Sol Mahoney Divorce Law

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Divorce

Divorce is one of the hardest emotional journeys a family has to go through. Filled with tense emotions, unchartered waters, and a tremendous sense of loss it can be a challenge just to know where to begin in the process. Professionalism and compassion are required to directly address the sensitive issues involving child custody, marital property, alimony, parenting plans, and child support. The client’s choice of a divorce lawyer for legal representation is potentially the most important decision he or she will make during the divorce process. It is a choice to be taken seriously by both client and attorney. Attorney Mahoney works very hard to make the transition into a dissolution of marriage action as smooth and easy as possible. He will ensure that you have access to all information about your rights as you decide to move forward with a divorce. Only then will you be properly equipped to make informed decisions guiding you towards an equitable Separation Agreement or towards a Divorce Trial. In addition to the primary goal of educating his clients about their rights, Attorney Mahoney is committed to guiding his clients through the divorce process as quickly, efficiently, and with as little acrimony as possible given the particular circumstances of each family. At The Law Offices of Sol Mahoney, LLC. all representation in each case is conducted with these goals in mind.

Attorney Mahoney has vast experience with high net worth divorces. His background in economics gained at Villanova combined with his experience at Ernst & Young provides a proven platform from which Attorney Mahoney has artfully represented his clients in complex financial matters including the tax ramifications of divorce. It is not uncommon for one spouse to be sheltered from the finances of the marriage. Attorney Mahoney has experience in discovering hidden and undisclosed assets. In one case Attorney Mahoney was able to discover millions of dollars that had not been disclosed by the opposing spouse by utilizing subpoenas and scrutinizing all of the financial documentation that was produced. Attorney Mahoney is also well versed in asset protection. When a divorce involves a business, options, stocks, bonds, limited partnerships, trusts, real estate, and other complicated financial holdings, there is no substitute for experience when representing high net worth clients.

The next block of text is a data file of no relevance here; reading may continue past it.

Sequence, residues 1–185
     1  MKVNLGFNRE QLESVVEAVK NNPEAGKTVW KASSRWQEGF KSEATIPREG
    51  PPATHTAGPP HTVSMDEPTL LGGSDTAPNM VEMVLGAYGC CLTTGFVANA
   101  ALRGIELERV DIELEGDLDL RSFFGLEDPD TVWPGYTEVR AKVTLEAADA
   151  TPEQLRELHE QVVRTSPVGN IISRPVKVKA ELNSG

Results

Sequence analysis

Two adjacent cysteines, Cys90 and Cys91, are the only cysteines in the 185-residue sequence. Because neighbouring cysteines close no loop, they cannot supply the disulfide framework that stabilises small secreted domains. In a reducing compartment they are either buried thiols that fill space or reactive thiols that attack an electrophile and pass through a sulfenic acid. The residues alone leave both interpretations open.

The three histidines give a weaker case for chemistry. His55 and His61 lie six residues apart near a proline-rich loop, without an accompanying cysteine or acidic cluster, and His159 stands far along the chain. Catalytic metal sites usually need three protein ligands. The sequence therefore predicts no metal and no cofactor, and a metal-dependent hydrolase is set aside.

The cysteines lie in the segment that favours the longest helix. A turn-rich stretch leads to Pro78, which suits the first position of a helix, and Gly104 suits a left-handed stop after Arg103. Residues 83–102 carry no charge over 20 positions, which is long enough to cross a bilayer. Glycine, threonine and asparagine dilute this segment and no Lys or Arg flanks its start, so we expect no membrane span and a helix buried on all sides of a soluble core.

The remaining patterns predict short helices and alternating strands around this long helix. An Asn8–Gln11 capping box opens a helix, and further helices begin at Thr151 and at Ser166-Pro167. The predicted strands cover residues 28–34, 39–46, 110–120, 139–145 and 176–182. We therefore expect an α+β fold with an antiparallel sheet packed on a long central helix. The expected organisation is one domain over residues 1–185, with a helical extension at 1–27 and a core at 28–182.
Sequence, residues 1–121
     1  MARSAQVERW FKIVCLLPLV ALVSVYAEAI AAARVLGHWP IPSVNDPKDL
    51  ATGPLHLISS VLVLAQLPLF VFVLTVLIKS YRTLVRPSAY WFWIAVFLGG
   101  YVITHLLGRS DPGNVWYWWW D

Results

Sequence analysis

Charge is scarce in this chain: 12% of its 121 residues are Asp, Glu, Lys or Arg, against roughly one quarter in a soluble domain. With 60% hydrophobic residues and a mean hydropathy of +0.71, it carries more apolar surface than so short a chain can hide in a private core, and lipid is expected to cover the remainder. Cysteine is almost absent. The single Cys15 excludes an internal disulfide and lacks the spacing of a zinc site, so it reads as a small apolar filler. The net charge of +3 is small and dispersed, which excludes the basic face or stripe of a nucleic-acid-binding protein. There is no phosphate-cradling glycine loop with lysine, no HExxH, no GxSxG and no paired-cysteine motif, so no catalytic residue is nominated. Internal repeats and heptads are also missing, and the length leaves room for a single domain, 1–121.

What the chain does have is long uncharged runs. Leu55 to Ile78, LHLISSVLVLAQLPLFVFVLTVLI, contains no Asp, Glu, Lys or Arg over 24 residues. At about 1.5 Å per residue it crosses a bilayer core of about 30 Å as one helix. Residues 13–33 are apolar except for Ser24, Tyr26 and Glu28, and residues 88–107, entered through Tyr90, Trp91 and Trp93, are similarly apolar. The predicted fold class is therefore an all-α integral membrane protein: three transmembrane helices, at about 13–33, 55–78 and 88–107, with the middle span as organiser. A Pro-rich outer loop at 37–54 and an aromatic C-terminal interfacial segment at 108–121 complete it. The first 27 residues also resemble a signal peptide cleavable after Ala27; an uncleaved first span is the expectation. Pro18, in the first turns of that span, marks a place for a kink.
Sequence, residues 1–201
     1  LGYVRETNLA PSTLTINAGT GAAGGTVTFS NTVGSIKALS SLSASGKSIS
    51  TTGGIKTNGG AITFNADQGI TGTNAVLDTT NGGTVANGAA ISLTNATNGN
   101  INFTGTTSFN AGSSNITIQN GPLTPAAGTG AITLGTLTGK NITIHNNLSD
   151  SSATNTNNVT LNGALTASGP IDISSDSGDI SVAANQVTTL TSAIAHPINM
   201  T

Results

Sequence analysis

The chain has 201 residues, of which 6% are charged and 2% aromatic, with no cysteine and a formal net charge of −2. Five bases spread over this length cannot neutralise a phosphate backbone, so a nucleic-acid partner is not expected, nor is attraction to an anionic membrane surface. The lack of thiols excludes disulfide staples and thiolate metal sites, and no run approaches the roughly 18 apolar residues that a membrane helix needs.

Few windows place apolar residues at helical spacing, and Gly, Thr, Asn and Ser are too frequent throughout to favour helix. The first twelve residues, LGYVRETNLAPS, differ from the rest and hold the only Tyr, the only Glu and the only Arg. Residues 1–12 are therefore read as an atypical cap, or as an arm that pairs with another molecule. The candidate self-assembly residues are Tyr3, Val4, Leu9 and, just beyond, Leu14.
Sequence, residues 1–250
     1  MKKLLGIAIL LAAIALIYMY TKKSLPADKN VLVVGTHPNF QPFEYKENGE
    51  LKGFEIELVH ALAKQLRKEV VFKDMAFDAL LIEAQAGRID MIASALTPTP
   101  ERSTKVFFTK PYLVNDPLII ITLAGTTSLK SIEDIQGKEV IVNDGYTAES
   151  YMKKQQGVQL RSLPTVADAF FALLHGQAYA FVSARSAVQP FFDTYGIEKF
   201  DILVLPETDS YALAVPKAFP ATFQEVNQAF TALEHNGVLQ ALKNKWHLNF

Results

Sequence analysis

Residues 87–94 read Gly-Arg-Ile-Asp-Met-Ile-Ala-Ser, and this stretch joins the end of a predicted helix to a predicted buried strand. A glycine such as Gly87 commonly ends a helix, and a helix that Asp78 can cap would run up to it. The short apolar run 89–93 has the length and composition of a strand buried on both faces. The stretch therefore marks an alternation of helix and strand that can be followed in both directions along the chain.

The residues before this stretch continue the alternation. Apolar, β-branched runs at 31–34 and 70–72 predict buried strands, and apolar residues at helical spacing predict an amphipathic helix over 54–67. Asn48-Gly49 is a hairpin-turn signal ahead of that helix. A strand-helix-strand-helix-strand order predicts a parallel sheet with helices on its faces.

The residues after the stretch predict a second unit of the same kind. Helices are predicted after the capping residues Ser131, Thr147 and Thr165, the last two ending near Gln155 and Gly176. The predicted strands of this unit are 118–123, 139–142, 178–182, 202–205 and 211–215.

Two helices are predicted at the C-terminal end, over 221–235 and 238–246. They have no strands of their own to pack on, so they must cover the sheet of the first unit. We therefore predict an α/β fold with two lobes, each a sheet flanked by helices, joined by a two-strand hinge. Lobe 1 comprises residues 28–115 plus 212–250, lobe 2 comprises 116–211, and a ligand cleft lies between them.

The goal with respect to the parents and child custody is to help the parents reach an agreement regarding legal custody, physical custody including a parenting plan, and primary residence. If the parents cannot agree then the court decides. The award of legal custody in Connecticut determines which parent will make the decisions for the child regarding health, education, and religion. In addition, an award of physical custody will determine where and when the child shall spend their time memorialized with a parenting plan. Lastly, the award of “primary residence” determines where the children will attend school. In Connecticut, absent exigent circumstances, the courts prefer to award Joint Custody. In the circumstances when joint custody is not awarded, Connecticut courts use a standard that gives the “best interests of the child” the highest priority when deciding custody issues. In reaching a custody decision in Connecticut, the court will consider the following factors:

  • The needs of the child
  • Each parent’s ability to understand the needs of the child
  • The child’s preference and information obtained from the child
  • Each parent’s preference